Places To See - Qutb Minar

Started by Qutb-ud-din Albak in 1193 and completed by his descendants four years later, it stands a mighty 72.5m. Iltutmish added three storeys to the basement that Aibak constructed, and the last two were built by Feroz Shah Tughlaq. It is the highest stone tower in India. Similar victory towers are found in Afghanistan. It could be that after Mohammad Ghori's victory in 1192, Iltutmish built this as a symbol of victory. There's also the possibility that it was also erected as a minaret for the adjacent mosque, like a signal tower.

This magnificent structure, situated at Mehrauli in South Delhi, consists of five storeys, with each storey having a balcony. The first three floors are built in red granite and the fourth and fifth of marble and sandstone. It is said that 27 temples were flattened, and their materials used in order to build the Qutb Minar. At the base of the tower is India's first mosque – the Quwwat-ul-Islam Mosque.

A popular saint of the time was Bhaktiyar kaki, fondly called Qutb Sahib. The tower was believed to be his lath (staff) that linked Earth and heaven. And so the name Qutb Sahib ki Lath, and consequently, the present name of Qutb Minar.

The seven-metre-tall Iron Pillar stands in the patio of the mosque. The pillar and the tower have delicate carvings and verses from the Koran. The Qutb Minar is the first monument built by a Muslim ruler in the country. The monuments of that period and the following ones adopted an Indo-Islamic architecture style. There are several famous tombs in the vicinity. The tomb of Iltutmish, which he himself built in 1235, is located nearby. The tomb's interiors are decorated with calligraphy.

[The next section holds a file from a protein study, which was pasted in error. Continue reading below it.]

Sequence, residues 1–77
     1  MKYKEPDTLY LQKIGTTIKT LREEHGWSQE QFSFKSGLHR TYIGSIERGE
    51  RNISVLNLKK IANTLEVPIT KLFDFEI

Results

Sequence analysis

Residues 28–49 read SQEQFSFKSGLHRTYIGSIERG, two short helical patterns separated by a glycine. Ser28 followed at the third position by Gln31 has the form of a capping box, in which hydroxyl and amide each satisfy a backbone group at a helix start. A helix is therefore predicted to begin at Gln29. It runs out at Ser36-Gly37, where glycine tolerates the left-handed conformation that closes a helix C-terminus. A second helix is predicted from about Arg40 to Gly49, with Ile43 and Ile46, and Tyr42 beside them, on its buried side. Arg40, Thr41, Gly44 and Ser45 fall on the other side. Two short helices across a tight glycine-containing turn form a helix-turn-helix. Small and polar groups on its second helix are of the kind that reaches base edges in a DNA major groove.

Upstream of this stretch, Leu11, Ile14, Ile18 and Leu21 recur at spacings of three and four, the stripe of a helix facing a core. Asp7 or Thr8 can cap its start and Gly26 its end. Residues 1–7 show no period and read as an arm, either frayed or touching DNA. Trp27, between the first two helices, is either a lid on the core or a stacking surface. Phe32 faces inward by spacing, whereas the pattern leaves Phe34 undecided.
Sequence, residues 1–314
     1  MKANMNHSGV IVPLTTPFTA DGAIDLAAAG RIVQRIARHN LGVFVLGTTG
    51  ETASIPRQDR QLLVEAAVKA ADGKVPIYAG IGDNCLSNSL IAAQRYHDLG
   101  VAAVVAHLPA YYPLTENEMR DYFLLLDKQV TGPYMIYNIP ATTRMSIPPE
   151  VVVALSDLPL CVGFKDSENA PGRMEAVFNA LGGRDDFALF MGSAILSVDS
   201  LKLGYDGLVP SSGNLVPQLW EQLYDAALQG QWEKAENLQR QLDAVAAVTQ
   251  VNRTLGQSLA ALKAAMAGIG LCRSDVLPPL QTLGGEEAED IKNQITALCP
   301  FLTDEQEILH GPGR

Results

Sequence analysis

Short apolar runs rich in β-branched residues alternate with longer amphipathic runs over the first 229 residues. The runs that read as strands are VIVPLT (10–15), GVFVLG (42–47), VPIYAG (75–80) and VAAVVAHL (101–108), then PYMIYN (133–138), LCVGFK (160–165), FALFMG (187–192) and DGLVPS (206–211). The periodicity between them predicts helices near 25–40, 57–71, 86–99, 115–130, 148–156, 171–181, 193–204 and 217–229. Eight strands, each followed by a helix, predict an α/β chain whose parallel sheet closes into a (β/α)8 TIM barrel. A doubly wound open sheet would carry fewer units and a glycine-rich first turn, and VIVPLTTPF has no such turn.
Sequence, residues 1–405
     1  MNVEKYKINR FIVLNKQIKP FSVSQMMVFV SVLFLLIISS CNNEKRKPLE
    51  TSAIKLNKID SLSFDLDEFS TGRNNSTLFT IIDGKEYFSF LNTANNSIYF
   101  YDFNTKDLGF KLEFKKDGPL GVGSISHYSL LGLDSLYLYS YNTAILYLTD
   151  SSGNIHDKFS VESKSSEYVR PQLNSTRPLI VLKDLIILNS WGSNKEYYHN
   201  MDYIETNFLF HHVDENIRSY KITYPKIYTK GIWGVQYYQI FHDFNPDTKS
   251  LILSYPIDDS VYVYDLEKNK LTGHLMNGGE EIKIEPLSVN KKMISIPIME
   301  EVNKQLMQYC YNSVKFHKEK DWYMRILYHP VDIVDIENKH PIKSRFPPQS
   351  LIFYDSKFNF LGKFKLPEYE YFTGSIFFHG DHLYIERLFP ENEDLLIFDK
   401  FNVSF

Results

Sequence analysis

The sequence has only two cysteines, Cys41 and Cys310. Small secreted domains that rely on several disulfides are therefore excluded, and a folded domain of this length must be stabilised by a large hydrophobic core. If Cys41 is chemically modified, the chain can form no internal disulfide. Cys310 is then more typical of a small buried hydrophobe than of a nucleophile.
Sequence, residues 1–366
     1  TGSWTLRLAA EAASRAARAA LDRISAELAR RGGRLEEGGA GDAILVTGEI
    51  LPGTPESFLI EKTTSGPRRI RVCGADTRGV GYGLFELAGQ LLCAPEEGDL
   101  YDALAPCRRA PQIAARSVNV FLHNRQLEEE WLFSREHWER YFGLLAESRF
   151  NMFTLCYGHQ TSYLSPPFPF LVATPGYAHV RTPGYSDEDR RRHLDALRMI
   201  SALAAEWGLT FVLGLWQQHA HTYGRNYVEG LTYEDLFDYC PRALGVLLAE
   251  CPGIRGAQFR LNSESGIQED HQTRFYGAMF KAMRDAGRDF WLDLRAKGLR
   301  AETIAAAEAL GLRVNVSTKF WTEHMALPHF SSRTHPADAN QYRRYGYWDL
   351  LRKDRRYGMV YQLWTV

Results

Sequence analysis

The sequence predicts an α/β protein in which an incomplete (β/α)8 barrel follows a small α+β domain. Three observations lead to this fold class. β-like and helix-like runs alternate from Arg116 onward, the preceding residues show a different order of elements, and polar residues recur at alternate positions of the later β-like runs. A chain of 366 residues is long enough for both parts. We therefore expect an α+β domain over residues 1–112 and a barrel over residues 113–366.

Qutb Minar Mosque Complex

Quwwat al Islam Mosque
Also known as the Qutb Minar Mosque, it stands in the Qutb Minar complex of buildings. It consists of a central courtyard, a prayer hall and several columns. The latter taken from temples. As you walk through East Arcade, you might as well think you were within a temple premises as the columns look more like it than a mosque’s insides. Several columns bear plaster that must have been used to mask sculptures and idols on the pillars, but some are still clearly visible.

The building of the mosque was started in 1192, by Aibak, and now, most of it is in ruins. There is a raised platform near the prayer hall, leading experts to believe that it was meant for the Sultan and his family. The roofs of this structure do not align with that of its neighbours’, again underlining the above theory. The mosque was in use right up to the 17th century.

It was in 1199 that the great arched screen was erected, complete with wide Islamic arches laced with Indian masonry tactics. Calligraphy and arabesque designs can be found on the walls. An interesting feature is the presence of Hindu sculptures within and around it. The southern colonnade is fairly newly built. The colonnades were constructed with a view to rest weary travellers; the ones on the floor above were elite in nature.

Illtutmish and Alauddin Khilji added and extended courtyards and colonnades to the original structure. Illtutmish also changed the plant/floral designs to geometrical ones on the screens and walls he built.

Alai Darwaza
Alauddin built this grand entrance to the mosque. It is connected to walls on either side that existed before his reign. The projections on the wall could have extended around the dome on the gateway.

The structure is built in marble and red sandstone. The domes, columns and arches are alternatively built using both. The colour combination is just fabulous. Here, too, under the dome you can find lotus buds. In the middle of the large dome on top there is a smaller white marble dome, an uncommon sight.

This structure was built by Alauddin in 1317. It has two domed large chambers and three vaulted ones. There’s a central courtyard and a small garden, too. A stair leading up to the top of the madrasa is seen at one end of the columns of chambers.

Illtutmish’s Tomb
Cusped arches, carved columns and ornate decoration adorn this tomb. He built his own tomb in 1235. The inside of the tomb is more ornamental than its gateways and entrances. The grave itself is open to the sky. There are framed arches within the entrance, and the floor inside is an octagon.